The labor investment group said it welcomed the participation of companies such as H&M, PVH Corp. and Inditex in the accord but stopped short of pressuring nonparticipants to join. Instead, the group said it urged “companies with significant purchasing power in Bangladesh — companies such as Wal-Mart and Gap — to act swiftly and effectively” to “monitor and mitigate the risks in their supply chains.”
The NRF is one of six trade groups that have joined together to form the North American Bangladesh Worker Safety Working Group that last week unveiled the Safer Factories Initiative, which seeks to establish “a sustainable funding mechanism for training, upgrades of factory structures and ensuring the safety of new construction.”
The deadline for the Bangladesh accord passed on Wednesday with about three dozen European companies signing on versus just two from the U.S. Among the American companies, PVH was one of the first two firms to participate, while Abercrombie & Fitch Co. said it would join as the Wednesday deadline approached. A&F is an NRF member; PVH is not.
At the annual Macy’s Inc. meeting in Cincinnati Friday, Terry J. Lundgren, chairman, president and ceo of the company, said the company would sign an accord spearheaded by the NRF that would cover factory conditions in Bangladesh and other developing countries.
“It needs to be beyond Bangladesh,” he said.
Responding to a WWD question regarding the risk to North American stores’ reputations by their refusal to participate in the IndustriALL accord, Bill Thorne, NRF senior vice president, said, “We’re committed to the objective of getting this situation resolved in terms of real results, fast results and sustainable results.”
In April, 1,127 people died when Rana Plaza, a production complex in Savar, Bangladesh, collapsed. Last week, the collapse of a shoe factory outside Phnom Penh served as another reminder of the risks to life and limb faced by workers making apparel and shoes for consumers in the Western Hemisphere. The final death toll remained uncertain at the weekend, with government officials and sources now confirming two deaths as of Friday afternoon.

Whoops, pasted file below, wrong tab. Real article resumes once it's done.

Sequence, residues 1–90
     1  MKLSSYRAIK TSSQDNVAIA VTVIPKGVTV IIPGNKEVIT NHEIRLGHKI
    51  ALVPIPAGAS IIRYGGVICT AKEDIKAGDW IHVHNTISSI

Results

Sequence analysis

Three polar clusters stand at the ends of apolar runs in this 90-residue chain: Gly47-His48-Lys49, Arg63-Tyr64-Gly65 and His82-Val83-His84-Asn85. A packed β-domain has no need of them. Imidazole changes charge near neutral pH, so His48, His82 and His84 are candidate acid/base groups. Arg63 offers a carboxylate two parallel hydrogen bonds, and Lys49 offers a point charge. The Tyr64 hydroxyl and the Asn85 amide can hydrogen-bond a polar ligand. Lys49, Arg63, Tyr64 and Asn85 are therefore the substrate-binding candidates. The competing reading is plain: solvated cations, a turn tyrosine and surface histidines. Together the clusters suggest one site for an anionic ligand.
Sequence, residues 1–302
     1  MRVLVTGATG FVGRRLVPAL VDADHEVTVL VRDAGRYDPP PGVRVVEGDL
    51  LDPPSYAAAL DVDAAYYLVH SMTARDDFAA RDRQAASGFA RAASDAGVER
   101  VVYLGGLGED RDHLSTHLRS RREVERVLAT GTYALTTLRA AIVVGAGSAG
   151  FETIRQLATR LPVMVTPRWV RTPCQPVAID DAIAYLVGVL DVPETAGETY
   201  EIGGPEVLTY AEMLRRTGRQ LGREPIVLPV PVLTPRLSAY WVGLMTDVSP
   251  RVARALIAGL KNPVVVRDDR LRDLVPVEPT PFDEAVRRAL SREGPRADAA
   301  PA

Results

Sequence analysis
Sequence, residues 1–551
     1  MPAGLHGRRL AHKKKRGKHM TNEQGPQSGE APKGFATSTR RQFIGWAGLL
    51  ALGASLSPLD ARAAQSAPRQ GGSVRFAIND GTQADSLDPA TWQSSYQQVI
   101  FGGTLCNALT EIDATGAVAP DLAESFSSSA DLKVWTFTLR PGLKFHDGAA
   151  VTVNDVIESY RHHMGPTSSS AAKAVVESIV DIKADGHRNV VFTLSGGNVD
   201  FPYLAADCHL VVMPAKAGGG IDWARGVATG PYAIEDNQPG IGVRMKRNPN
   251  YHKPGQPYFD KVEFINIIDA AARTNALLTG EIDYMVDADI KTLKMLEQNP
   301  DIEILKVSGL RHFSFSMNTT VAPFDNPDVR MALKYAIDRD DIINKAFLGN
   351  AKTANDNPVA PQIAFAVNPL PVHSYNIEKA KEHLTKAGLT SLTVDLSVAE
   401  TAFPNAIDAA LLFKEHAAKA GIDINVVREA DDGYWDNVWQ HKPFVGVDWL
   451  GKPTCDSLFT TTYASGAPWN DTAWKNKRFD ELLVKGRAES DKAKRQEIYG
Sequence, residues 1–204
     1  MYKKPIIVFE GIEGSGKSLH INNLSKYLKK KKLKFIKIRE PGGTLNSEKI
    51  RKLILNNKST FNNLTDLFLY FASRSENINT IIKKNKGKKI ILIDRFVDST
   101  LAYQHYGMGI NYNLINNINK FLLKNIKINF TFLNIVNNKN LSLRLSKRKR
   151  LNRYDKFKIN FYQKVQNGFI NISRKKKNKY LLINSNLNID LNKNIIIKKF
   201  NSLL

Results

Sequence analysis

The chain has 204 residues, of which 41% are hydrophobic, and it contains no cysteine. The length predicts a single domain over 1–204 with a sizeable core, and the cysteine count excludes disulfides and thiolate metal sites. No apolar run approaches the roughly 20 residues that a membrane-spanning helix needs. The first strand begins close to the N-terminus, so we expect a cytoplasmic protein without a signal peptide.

The factory, owned by Wing Star Shoes Co. Ltd., was making shoes for Japan’s Asics and possibly for other brands as well.
It appears that one of the dead workers, Sim Srey Touch, might have been under the age of 16. Government officials deny this allegation, stating that the woman in question was 22 years old, contradicting accounts family members and neighbors had given to local sources.
Local factory management in Cambodia couldn’t be reached for comment as listed phone numbers appear to have been disconnected. An official at the Garment Manufacturers Association in Cambodia, of which Wing Star Shoes is a part, couldn’t be reached for comment.
Moeun Tola, head of the labor program at the Community Legal Education Center, said that preliminary interviews with workers affiliated with the factory suggested that Sim may not have been the only underage worker there.
Moeun said that it is not unusual for the families of young Cambodian girls to pay the local village chief around 5,000 Cambodian riels, or $1.25 at current exchange, for forged documents that enable them to work.
Government officials said that the ceiling that gave way had been supporting an illegally constructed mezzanine level that was used as a storage area. Mam Narai, a director at the provincial Ministry of Land Management, Urban Planning and Construction, told the Phnom Penh Post that the mezzanine, which had been constructed off a thin piece of concrete, had not received planning approval and that it was insufficient to hold the weight that had been placed on it.